Two Thirds (68%) Of People Underestimate Real Cost Of Elderly Care

The shocking scale of the UK’s looming care crisis has been revealed by the price comparison and switching service. With research showing that consumers are underestimating the cost of ten years of elderly care by £77,300 per person.

Consumers estimate the average cost of residential elderly care for one person to be £28,358 per year. However, the analysis shows the cost is now £36,088, a difference of almost £8,000 a year. This also means that the cost of looking after one ageing parent for a year far exceeds the average annual UK salary, currently estimated at £27,27.

The scale of the problem is so large that just six years of care for one parent now costs the same as the average cost of raising a child for 21 years – including any university fees.

Despite this financially crippling issue looming on the horizon, the research also reveals that families are simply not talking about elderly care. In fact, eight in ten families have never discussed paying for care and only 12% of over 55s have discussed their own care costs with their childre.

People also have differing views on who is going to pay for the care. Three quarters (76%) of millennials expect that their parents will foot the bill, but a third (30%) of those over 55 are unsure about how they are going to afford to pay for their care. Nearly half (44%) of millennials haven’t even thought about caring financially for their parents.

Overall, found that less than one in ten (8%) people feel prepared for the cost of their parents’ elderly care and one in four (25%) are concerned about being responsible for it. A further quarter (23%) are burying their heads in the sand and don’t want to even think about the financial challenge ahead.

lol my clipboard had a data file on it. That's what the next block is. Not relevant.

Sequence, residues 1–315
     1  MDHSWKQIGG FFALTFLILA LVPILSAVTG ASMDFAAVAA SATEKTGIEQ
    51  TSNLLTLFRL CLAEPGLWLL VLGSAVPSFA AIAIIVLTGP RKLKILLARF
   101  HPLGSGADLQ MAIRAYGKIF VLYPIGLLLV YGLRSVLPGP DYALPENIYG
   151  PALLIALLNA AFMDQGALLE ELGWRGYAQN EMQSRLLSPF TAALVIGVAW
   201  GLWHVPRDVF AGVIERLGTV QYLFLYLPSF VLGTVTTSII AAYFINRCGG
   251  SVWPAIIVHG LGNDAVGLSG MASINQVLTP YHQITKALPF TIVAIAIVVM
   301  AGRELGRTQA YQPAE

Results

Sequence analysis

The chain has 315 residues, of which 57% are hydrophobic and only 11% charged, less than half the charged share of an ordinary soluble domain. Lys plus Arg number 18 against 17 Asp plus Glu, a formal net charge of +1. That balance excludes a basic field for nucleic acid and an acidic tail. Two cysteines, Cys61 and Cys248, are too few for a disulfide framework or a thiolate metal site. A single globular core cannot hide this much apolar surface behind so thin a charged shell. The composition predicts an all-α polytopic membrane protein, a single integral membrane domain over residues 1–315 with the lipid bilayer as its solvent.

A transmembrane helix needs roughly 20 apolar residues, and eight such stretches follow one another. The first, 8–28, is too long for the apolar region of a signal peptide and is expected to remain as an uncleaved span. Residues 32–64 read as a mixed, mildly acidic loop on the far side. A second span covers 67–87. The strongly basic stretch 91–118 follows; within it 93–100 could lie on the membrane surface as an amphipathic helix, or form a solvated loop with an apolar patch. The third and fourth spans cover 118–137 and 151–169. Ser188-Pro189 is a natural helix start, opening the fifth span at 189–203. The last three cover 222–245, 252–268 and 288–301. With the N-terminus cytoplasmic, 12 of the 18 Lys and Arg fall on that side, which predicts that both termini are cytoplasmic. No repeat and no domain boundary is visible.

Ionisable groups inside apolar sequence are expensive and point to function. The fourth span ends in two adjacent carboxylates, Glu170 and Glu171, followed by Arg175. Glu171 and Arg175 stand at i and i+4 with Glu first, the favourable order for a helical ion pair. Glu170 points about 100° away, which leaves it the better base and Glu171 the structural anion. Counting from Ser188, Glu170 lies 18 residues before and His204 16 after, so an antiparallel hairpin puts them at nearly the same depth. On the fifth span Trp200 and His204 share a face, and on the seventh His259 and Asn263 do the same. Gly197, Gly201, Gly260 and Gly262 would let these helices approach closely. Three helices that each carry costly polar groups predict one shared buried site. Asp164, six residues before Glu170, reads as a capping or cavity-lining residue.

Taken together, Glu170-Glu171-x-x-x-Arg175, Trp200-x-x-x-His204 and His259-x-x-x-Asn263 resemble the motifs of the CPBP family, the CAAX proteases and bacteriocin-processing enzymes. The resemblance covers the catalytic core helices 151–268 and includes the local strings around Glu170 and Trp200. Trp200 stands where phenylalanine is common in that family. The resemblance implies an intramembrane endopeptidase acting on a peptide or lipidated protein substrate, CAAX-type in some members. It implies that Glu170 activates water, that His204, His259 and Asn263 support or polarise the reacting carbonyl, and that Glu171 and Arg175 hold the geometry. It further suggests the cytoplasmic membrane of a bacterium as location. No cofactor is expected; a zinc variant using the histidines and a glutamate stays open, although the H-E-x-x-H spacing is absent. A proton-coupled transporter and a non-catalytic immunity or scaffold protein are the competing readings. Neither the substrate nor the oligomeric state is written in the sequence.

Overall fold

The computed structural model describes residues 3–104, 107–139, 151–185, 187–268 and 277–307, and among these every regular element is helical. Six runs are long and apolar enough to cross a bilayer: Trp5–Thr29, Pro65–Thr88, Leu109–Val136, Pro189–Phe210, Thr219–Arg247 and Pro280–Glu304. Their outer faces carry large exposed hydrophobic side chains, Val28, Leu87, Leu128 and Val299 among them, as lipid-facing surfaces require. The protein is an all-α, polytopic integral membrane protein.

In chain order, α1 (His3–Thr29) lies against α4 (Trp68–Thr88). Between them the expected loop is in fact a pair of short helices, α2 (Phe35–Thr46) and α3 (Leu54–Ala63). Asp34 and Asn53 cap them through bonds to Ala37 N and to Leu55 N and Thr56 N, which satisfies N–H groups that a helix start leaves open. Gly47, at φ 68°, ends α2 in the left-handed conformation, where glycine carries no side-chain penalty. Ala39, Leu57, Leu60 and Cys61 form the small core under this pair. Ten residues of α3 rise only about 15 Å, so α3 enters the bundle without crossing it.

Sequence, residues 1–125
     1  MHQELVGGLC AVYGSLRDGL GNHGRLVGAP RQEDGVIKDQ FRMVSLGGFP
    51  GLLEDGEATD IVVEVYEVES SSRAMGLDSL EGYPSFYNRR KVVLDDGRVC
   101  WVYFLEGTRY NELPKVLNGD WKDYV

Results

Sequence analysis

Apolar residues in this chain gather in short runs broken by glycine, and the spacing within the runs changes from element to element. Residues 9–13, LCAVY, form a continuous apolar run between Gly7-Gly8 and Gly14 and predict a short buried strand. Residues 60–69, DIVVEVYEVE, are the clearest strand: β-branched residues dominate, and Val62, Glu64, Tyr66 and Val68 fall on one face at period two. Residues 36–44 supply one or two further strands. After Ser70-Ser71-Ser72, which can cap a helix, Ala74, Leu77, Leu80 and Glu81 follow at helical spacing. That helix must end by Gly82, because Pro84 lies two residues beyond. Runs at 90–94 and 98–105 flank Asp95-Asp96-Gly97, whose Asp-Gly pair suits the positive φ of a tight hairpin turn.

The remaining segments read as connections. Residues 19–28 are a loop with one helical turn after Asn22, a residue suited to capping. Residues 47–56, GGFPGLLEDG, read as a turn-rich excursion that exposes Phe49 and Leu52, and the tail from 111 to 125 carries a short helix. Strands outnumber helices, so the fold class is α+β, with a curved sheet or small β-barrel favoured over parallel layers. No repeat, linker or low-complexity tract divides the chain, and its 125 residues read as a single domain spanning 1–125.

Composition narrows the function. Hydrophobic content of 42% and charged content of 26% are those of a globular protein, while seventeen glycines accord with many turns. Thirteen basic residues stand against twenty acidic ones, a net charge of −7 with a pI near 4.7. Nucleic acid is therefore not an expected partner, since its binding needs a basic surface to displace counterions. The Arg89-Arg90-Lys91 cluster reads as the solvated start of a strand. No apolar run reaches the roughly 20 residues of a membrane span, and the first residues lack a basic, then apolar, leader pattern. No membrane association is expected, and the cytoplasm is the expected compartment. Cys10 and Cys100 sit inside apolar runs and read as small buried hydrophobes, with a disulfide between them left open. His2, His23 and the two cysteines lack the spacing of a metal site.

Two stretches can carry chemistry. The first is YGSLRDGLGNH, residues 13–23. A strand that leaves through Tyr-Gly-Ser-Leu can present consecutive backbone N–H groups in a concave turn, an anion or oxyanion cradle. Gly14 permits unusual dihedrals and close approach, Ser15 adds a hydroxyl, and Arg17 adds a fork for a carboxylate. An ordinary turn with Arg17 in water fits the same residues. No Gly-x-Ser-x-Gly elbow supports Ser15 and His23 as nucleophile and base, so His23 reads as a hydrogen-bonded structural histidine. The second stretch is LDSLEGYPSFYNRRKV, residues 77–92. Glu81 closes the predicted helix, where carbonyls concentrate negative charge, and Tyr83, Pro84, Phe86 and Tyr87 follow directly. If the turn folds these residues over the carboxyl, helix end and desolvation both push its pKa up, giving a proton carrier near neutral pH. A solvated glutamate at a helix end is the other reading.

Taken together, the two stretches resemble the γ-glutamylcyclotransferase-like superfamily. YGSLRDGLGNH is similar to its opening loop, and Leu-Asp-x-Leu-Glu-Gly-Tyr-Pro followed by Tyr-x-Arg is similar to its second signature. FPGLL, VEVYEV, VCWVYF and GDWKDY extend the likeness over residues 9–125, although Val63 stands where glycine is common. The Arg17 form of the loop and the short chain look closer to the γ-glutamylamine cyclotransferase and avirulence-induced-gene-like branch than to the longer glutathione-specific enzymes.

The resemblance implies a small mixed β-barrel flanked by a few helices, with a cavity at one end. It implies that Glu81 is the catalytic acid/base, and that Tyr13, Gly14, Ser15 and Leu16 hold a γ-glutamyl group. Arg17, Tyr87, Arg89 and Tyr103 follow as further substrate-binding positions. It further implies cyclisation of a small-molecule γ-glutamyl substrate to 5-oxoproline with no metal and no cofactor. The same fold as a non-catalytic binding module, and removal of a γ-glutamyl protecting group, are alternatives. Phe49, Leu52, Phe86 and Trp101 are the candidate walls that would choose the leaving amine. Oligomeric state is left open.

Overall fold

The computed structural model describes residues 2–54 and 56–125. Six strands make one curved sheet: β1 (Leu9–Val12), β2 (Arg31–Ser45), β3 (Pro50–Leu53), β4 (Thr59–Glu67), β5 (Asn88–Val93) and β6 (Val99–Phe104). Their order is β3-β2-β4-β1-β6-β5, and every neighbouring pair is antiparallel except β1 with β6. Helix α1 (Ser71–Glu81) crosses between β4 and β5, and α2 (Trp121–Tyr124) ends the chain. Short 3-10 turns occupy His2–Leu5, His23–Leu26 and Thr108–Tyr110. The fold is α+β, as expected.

The scale of the UK’s elderly care crisis is magnified as Brits are not saving for the future. On average, UK consumers only manage to save £126 a month, with a quarter (28%) admitting they save nothing[12]. With this in mind, it is not surprising that almost one in five (19%) homeowners say they will sell it to finance their care, rising to nearly a quarter (22%) among the over 55s. is calling on families to start discussing any potential elderly care needs now to help prevent this looming financial crisis before it is too late to do anything about it.

Tom Lyon, money expert at, says: “These findings show how unprepared we are when it comes to funding the care for our elderly parents. It is a sobering thought that it could now cost more to look after an elderly parent than to raise a child, adding extra pressure on families when household budgets are already squeezed.

“Families who do not have their affairs in order and are unable to access Government support could be facing a future of crippling debt. With this in mind, it is never too soon to start talking about the cost of care. The sooner you start the conversation, the sooner you can start planning for it.”







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